The user of Hive on MR3 can use user defined functions (UDFs) in the same way as in Hive on Tez. For example, the following commands are all supported inside Beeline connections:

  • create function
  • create temporary function
  • drop function
  • drop temporary function
  • add jar
  • delete jar

Temporary and permanent functions

In Hive on MR3, temporary functions belong to individual Beeline connections and are not shared. Hence two Beeline connections can create their own temporary functions of the same name. In the following example, users gitlab-runner and hive manage their own temporary function foo, and all commands work okay.

### user gitlab-runner
0: jdbc:hive2://indigo1:9852/> use tpcds_bin_partitioned_orc_10_ext;
0: jdbc:hive2://indigo1:9852/> add jar hdfs:///tmp/temp1.jar;
0: jdbc:hive2://indigo1:9852/> create temporary function foo as 'test.simple.SimpleClass1';
0: jdbc:hive2://indigo1:9852/> select foo(s_zip) from store limit 5;

### user hive
0: jdbc:hive2://indigo1:9852/> use tpcds_bin_partitioned_orc_10_ext;
0: jdbc:hive2://indigo1:9852/> describe function foo;
| Function 'foo' does not exist.  |
0: jdbc:hive2://indigo1:9852/> add jar hdfs:///tmp/temp1.jar;
0: jdbc:hive2://indigo1:9852/> create temporary function foo as 'test.simple.SimpleClass1';
0: jdbc:hive2://indigo1:9852/> select foo(s_zip) from store limit 5;

### user gitlab-runner
0: jdbc:hive2://indigo1:9852/> drop temporary function foo;

### user hive
0: jdbc:hive2://indigo1:9852/> select foo(cc_city) from call_center, store where foo(cc_city) = foo(s_city) limit 10;

In contrast, permanent functions are shared by all Beeline connections. The extra requirement is that each Beeline connection should add the same resource (such as a jar file) manually. In the following example, user hive registers a permanent function foo which is called by user pllab. We assume that the configuration key hive.users.in.admin.role is set to hive.

### user hive
0: jdbc:hive2://indigo1:9852/> use tpcds_bin_partitioned_orc_3000;
0: jdbc:hive2://indigo1:9852/> add jar hdfs:///tmp/temp2.jar;
0: jdbc:hive2://indigo1:9852/> create function foo as 'test.simple.SimpleClass2';
0: jdbc:hive2://indigo1:9852/> select foo(cc_city) from call_center, store where foo(cc_city) = foo(s_city) limit 10;

### user pllab
0: jdbc:hive2://indigo1:9852/> use tpcds_bin_partitioned_orc_3000;
0: jdbc:hive2://indigo1:9852/> select foo(cc_city) from call_center, store where foo(cc_city) = foo(s_city) limit 10;
  ### --> FAIL because function foo is unknown
0: jdbc:hive2://indigo1:9852/> create function foo as 'test.simple.SimpleClass2';  
  ### --> FAIL because the jar file is not added 
0: jdbc:hive2://indigo1:9852/> add jar hdfs:///tmp/temp2.jar;  
  ### --> now function foo is visible
0: jdbc:hive2://indigo1:9852/> describe function foo;
0: jdbc:hive2://indigo1:9852/> select foo(cc_city) from call_center, store where foo(cc_city) = foo(s_city) limit 10;

### user hive
0: jdbc:hive2://indigo1:9852/> drop function foo;

### user pllab
0: jdbc:hive2://indigo1:9852/> describe function foo;  ### FAIL because function foo is not visible

Since permanent functions are maintained by HiveServer2 for each database, redefining an existing permanent function in any Beeline connection immediately takes effect in all other Beeline connections.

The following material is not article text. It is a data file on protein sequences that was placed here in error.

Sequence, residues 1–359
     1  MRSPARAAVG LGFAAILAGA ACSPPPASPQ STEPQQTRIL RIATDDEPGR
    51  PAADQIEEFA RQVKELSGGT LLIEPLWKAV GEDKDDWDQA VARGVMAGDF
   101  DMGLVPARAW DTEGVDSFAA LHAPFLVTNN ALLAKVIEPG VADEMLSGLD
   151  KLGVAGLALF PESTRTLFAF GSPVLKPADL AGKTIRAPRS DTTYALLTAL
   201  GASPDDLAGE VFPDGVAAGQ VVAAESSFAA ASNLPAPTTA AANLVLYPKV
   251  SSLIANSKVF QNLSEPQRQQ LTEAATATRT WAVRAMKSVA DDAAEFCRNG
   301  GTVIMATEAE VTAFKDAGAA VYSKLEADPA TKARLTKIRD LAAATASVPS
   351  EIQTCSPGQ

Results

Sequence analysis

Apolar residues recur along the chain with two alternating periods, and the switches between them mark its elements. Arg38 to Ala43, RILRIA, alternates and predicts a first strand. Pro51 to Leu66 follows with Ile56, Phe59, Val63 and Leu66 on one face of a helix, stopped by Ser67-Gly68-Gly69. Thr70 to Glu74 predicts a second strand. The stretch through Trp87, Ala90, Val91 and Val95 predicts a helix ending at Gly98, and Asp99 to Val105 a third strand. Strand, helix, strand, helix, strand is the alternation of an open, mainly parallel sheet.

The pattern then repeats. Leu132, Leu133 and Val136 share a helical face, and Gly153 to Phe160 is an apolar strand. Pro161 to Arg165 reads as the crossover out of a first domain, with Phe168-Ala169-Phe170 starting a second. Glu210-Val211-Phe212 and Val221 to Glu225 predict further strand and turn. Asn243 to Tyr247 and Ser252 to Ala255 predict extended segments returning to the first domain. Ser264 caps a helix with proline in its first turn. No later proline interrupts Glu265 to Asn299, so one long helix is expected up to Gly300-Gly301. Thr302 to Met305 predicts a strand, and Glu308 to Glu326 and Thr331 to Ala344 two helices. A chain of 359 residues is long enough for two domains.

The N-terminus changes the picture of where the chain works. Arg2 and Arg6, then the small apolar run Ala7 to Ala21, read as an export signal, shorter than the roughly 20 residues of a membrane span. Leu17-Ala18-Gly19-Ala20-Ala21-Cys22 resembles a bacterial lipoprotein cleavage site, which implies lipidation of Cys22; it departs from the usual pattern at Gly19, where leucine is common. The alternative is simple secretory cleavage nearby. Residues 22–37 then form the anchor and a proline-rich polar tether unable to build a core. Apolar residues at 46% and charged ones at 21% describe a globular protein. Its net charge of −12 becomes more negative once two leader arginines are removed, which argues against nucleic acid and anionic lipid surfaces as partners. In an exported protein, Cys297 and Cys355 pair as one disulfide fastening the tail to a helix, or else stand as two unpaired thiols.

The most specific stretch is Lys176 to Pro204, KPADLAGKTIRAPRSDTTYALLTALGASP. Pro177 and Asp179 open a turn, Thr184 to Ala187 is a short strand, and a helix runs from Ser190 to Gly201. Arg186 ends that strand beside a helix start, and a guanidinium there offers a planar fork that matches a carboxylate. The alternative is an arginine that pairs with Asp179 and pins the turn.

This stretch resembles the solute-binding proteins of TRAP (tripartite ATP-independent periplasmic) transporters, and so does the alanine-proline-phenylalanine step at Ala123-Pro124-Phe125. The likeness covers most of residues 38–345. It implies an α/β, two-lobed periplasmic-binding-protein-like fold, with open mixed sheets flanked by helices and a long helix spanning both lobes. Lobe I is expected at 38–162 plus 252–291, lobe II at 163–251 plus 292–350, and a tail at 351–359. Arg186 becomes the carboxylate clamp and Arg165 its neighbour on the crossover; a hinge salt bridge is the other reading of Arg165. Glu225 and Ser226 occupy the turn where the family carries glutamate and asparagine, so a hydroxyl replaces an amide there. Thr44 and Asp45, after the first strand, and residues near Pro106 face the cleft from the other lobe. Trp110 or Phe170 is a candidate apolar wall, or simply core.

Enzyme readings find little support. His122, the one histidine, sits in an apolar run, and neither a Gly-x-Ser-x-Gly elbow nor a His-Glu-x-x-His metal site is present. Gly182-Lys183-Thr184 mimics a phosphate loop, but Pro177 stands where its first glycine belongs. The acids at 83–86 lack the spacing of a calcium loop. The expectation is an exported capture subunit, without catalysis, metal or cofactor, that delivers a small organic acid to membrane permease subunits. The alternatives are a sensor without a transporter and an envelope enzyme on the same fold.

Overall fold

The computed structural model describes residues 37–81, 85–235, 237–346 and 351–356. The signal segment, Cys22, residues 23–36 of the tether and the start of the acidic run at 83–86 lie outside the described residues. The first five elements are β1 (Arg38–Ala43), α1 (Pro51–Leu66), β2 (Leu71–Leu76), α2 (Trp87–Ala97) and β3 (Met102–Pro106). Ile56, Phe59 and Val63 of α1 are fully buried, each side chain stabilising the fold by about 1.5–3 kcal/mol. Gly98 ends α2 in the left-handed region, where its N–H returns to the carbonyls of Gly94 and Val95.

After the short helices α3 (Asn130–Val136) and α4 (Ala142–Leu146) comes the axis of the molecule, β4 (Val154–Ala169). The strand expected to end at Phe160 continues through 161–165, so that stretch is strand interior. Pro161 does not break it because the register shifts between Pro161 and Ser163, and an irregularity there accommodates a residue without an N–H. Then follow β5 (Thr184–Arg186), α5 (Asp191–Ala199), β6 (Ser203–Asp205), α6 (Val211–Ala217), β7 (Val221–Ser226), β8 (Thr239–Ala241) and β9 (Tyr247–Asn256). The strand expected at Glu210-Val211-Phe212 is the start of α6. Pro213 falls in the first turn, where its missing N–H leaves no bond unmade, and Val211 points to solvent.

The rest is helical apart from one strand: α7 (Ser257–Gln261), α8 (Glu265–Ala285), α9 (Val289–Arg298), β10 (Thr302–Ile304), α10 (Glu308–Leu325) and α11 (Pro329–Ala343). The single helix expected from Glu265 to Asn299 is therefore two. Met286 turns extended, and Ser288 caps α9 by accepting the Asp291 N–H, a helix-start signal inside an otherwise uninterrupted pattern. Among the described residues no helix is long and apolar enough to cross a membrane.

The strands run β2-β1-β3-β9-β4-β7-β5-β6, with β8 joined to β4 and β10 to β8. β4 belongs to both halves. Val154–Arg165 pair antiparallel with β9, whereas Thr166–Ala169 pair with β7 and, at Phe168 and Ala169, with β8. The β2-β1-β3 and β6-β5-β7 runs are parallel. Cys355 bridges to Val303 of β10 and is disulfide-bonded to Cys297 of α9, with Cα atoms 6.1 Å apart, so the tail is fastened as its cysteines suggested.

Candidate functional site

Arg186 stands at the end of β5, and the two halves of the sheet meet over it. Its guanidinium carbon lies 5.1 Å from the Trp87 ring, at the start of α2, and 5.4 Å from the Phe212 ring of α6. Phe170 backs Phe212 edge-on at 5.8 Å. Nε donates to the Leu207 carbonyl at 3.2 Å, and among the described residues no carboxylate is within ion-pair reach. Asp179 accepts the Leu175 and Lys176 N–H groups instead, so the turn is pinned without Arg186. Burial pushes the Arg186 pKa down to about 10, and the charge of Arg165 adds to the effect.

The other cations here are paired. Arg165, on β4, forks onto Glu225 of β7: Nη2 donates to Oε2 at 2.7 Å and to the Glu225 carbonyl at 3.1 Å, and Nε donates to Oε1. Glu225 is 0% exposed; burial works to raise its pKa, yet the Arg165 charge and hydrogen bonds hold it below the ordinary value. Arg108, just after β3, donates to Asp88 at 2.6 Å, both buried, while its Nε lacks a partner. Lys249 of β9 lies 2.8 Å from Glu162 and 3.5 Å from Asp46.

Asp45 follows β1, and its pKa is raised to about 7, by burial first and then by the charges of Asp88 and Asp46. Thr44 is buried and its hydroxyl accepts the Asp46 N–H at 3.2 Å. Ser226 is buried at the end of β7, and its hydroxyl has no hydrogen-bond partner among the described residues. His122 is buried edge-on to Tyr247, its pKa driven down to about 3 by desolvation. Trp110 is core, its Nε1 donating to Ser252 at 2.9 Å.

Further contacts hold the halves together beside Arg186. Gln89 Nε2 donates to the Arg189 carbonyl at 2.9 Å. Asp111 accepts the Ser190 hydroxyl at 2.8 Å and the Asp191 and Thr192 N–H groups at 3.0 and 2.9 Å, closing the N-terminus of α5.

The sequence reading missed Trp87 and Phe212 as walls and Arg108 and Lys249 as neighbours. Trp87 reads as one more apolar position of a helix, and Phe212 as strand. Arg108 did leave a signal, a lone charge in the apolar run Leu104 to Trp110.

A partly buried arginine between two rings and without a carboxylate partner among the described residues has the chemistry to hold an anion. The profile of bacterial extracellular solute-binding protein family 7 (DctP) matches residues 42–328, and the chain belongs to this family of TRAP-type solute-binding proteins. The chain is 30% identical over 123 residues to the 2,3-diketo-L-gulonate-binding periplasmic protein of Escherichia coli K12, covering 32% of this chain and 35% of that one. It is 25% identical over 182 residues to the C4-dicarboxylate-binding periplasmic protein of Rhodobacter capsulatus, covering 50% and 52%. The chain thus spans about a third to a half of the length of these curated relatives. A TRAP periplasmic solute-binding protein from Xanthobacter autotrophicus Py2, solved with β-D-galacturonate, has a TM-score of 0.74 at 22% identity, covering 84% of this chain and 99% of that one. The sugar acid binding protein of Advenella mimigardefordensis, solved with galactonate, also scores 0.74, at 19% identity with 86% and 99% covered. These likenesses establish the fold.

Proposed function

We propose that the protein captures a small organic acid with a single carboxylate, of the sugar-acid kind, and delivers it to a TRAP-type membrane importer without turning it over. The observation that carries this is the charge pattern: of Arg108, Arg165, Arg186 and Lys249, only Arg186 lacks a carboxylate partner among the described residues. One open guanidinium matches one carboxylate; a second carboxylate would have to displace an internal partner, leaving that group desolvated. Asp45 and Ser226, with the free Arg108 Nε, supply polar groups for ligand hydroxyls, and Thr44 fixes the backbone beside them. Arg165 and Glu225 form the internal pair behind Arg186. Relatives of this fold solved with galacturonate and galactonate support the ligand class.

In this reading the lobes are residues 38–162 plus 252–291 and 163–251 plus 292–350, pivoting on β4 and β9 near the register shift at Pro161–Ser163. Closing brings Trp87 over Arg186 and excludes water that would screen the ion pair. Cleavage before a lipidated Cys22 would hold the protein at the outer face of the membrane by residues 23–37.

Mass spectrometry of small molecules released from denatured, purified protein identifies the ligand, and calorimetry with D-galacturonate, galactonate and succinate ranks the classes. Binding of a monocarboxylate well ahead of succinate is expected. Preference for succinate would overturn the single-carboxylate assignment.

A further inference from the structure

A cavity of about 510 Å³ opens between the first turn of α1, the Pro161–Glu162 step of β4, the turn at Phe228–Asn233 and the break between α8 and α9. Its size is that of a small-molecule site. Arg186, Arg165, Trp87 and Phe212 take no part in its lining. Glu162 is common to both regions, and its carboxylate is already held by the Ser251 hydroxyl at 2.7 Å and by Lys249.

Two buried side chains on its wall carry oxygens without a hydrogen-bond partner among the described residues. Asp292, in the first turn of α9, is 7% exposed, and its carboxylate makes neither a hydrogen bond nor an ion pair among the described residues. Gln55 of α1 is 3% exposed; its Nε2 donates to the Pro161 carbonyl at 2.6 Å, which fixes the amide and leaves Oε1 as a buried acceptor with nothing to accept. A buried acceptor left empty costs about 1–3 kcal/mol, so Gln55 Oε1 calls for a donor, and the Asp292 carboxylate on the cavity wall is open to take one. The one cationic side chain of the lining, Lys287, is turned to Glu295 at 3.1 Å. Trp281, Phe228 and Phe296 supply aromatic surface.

Configurations for UDFs

If the user uses non-trivial UDFs that create their own threads or allocate a lot of memory, ContainerWorkers may fail to reclaim all resources assigned to UDFs, thus leading to resource leaks. Hence the following settings in mr3-site.xml are recommended:

  • set mr3.container.use.termination.checker to true
  • set mr3.container.check.terminate.on.nonfatal to true
  • optionally set mr3.am.task.retry.on.fatal.error to true

On the other hand, if no such UDFs are used, ContainerWorkers usually recover well from fatal errors such as OutOfMemoryError (from Hive 2). Hence it is okay to set both configuration keys mr3.container.terminate.on.fatal.error and mr3.container.use.termination.checker to false in mr3-site.xml.

Localizing UDF resources

HiveServer2 stores all UDF resources in a new persistent directory created for each Beeline connection, e.g., /opt/mr3-run/work-dir/7c3ac148-6f11-4c5f-9bf8-532d995d7db0_resources/, which is mounted under the PersistentVolume inside its Pod and remains even after the Beeline connection terminates. In contrast, DAGAppMaster and ContainerWorkers store all UDF resources in a new temporary directory created for each DAG, e.g, /opt/mr3-run/hive/dag_10664_0000_10_LR, which is mounted under the working directory and deleted after the DAG completes.

In order to use Python scripts for UDFs (with TRANSFORM), the user should set the configuration key mr3.container.localize.python.working.dir.unsafe to true in mr3-site.xml so that Python resources (*.py or *.PY) are localized in the working directory of ContainerWorkers. This is because ContainerWorkers look for Python scripts in their working directory (/opt/mr3-run/hive/), not in the Java classpath. In the following example, ContainerWorkers assume that newline.py is available in the working directory.

SELECT TRANSFORM(key, value) USING
'python newline.py' AS key, value FROM src limit 10;

If mr3.container.localize.python.working.dir.unsafe is set to false, however, the Python script newline.py is localized only in a temporary directory created for the DAG, which is an immediate subdirectory of the working directory. As a result, the command python newline.py is not executed properly.

As the name of the configuration key indicates, using TRANSFORM with Python scripts is not a safe operation for two reasons.

  • Python scripts are shared by all DAGs because the working directory of ContainerWorkers is shared.
  • Once localized, Python scripts are never deleted from the working directory. This is necessary because we cannot determine when to delete Python scripts.